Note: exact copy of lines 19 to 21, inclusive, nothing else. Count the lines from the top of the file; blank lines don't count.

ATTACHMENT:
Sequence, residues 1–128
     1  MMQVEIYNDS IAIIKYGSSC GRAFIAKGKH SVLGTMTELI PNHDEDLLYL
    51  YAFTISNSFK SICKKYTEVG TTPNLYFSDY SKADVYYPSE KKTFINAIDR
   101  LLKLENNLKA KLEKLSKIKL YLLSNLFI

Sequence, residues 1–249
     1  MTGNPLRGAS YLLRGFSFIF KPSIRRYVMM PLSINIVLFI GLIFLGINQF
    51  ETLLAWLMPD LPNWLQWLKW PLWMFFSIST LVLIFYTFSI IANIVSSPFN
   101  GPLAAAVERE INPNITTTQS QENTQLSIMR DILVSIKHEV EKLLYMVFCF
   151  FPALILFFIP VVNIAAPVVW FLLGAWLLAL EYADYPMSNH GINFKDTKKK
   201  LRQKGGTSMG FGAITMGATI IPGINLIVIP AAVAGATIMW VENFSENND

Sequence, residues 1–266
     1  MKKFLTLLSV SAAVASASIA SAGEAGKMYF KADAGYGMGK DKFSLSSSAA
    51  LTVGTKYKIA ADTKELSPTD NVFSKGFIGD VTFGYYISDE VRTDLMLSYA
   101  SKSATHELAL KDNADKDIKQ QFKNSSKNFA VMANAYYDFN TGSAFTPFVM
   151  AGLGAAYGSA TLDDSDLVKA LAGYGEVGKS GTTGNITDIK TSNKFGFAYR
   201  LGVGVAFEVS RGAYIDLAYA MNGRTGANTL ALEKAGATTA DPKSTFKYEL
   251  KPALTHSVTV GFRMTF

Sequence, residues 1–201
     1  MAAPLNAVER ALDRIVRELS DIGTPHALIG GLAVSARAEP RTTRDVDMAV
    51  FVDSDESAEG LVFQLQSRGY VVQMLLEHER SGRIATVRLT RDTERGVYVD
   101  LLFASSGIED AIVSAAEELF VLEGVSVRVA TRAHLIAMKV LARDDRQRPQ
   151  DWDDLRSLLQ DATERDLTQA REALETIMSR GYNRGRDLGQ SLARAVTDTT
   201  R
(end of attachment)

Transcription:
     1  MAAPLNAVER ALDRIVRELS DIGTPHALIG GLAVSARAEP RTTRDVDMAV
    51  FVDSDESAEG LVFQLQSRGY VVQMLLEHER SGRIATVRLT RDTERGVYVD
   101  LLFASSGIED AIVSAAEELF VLEGVSVRVA TRAHLIAMKV LARDDRQRPQ